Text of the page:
If you’ve trained for a sport chances are a coach has said (and I’m guilty of this too) “This is going to save you from a ______ injury.” Saying this can lead to players, parents and coaches to believe the training program won’t set them apart from the next player, and that you're just “maintaining” (I hate that word). I know their first priority is to keep their athletes healthy. Which is 100% correct because if you get hurt because of a bad training program that might bump your bench up an extra 5 lbs, I’m pretty sure no one will care. The next goal after that is to improve your performance in your desired sport(s).
<<<<(Can't really prevent that no matter what program you do) But are they really different? If I can limit your injuries, essentially that means you now move more efficiently, you are stronger, and more powerful. If I make you a better athlete chances are that you move more efficiently, are stronger, and more powerful. Hmmmmm…… I think there’s a connection here.
They key to this is progression. Athletes must be put in a situation where they do not try to become a professional athlete in a day. This is the coach’s responsibility to make sure they go on the right path that will lead them to long-term success. The last time I remembered you have to go to pre-school, elementary school, middle/high school, college and grad school before you become a doctor. Now we see coaches trying to push kids through ridiculous workouts and they probably can’t even do 10 REAL push ups yet.
^Don't think this guy made it to any pro league.^
A great example that comes to mind is plyometric (jumping) progressions. I love single leg hops. There’s a great progression where for 3 weeks (twice a week), they will hop in place or onto a small box. This limits the distance they have to go down and all we do is focus on landing. They we progress to jumping over a line of cones (no more than 5) and every time they have to stick and hold the landing for a 1 count. Once they prove they can do this consistently, I will progress into a little bounce in between cones. Last they can continuously jump over each cone for max height and distance.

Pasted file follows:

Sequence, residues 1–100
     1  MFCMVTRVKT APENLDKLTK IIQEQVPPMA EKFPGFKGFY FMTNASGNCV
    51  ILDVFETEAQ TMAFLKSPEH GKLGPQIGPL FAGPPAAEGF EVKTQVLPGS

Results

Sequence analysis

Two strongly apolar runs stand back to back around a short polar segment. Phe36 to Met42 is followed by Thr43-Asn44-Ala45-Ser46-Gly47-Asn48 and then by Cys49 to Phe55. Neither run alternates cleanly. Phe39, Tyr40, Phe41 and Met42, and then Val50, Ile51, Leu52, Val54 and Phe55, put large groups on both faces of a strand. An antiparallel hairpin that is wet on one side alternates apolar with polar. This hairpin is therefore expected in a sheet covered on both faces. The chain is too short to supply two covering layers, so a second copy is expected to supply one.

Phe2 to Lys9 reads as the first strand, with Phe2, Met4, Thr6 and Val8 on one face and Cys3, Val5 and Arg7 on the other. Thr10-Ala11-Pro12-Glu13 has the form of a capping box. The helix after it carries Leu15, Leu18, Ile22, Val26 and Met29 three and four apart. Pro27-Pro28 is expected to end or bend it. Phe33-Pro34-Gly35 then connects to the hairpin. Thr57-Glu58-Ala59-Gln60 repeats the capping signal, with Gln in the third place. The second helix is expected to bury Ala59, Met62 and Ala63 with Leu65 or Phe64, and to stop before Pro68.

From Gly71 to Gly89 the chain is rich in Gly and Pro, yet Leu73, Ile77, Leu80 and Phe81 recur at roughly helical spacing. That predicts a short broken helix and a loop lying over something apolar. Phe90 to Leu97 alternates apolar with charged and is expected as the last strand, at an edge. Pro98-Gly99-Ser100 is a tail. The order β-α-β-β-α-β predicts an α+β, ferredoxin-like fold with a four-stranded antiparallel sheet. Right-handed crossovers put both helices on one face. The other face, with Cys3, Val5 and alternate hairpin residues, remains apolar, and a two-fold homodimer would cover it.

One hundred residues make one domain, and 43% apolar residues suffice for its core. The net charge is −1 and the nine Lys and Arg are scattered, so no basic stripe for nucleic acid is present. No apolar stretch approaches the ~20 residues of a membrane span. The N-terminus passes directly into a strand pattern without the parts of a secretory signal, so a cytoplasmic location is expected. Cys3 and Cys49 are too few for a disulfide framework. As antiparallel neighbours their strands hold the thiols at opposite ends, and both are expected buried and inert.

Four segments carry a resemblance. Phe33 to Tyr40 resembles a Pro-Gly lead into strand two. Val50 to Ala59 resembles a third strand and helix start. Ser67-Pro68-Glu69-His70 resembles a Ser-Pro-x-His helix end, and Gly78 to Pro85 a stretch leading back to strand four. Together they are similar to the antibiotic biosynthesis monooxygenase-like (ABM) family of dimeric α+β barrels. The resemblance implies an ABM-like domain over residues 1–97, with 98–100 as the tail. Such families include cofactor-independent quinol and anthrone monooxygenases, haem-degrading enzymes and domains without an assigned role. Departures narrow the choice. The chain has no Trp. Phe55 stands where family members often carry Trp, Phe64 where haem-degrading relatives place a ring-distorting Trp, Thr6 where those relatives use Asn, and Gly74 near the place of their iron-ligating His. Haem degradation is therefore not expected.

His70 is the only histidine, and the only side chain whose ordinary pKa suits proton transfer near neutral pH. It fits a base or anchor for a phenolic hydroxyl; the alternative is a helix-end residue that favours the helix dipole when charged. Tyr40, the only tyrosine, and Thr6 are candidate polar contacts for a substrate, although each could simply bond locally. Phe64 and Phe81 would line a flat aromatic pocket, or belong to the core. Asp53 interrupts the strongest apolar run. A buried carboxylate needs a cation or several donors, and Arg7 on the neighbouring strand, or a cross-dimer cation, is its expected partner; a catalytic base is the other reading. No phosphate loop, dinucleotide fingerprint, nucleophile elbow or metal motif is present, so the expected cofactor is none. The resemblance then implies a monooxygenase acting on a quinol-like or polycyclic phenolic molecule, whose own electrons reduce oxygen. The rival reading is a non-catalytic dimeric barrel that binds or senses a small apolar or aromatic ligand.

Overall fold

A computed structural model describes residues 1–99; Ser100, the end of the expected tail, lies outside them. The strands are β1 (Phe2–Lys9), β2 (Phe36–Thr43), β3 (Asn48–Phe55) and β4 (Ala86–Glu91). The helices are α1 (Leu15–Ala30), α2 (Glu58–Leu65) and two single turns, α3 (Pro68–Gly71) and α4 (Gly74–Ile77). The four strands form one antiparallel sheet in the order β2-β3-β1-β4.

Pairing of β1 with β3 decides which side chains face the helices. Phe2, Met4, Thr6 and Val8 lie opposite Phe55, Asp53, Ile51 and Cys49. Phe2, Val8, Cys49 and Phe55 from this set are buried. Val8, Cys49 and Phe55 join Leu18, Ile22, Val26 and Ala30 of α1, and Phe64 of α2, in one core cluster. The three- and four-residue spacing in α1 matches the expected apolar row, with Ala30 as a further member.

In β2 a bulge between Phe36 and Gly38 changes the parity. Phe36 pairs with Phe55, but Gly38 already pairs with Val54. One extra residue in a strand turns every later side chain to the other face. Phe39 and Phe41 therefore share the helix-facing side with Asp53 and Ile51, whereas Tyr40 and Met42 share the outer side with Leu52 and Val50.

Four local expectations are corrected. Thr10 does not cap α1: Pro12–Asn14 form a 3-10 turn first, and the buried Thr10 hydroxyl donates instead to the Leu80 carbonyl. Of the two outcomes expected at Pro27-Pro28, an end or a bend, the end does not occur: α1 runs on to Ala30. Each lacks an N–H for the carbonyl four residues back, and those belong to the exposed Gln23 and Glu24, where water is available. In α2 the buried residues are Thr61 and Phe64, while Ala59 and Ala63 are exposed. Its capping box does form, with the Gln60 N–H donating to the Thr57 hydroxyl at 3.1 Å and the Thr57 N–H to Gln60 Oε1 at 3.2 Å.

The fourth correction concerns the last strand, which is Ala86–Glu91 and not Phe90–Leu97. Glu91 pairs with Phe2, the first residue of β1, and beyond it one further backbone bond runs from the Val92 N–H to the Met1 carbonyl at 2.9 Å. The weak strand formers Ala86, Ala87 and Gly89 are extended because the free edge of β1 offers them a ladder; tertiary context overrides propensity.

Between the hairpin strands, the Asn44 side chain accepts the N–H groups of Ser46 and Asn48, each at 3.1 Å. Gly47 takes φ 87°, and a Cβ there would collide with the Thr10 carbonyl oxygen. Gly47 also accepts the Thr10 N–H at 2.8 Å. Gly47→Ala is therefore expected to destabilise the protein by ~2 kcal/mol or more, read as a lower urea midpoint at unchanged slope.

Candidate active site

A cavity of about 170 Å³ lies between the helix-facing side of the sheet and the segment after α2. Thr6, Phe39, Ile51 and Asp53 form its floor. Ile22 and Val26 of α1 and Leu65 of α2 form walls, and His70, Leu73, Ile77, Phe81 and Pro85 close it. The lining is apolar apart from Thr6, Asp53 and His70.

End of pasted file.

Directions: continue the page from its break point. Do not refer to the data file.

If I were to throw them into the continuous hops, I’m guessing a couple of the kids will experience knee pain or might roll and ankle. If you establish a base to get them strong, not only will those injuries go away, they will jump higher because they’ve gotten stronger and their brain can tell the muscles how to land and take off more efficiently. This will lead to faster cutting, higher jumping, and more speed.
In six weeks he gained 200 lbs of muscle because of 1 secret lift!
Injury prevention is just smart progressive training. Increasing sport performance is just smart, progressive training. Realize, not matter how badass your workouts are, if you're hurt and can't play.... NO ONE CARES! Don’t get caught up in programs that promise results in a ridiculous time period. If they do you might want to have your physical therapist and or doctor’s number put into speed dial.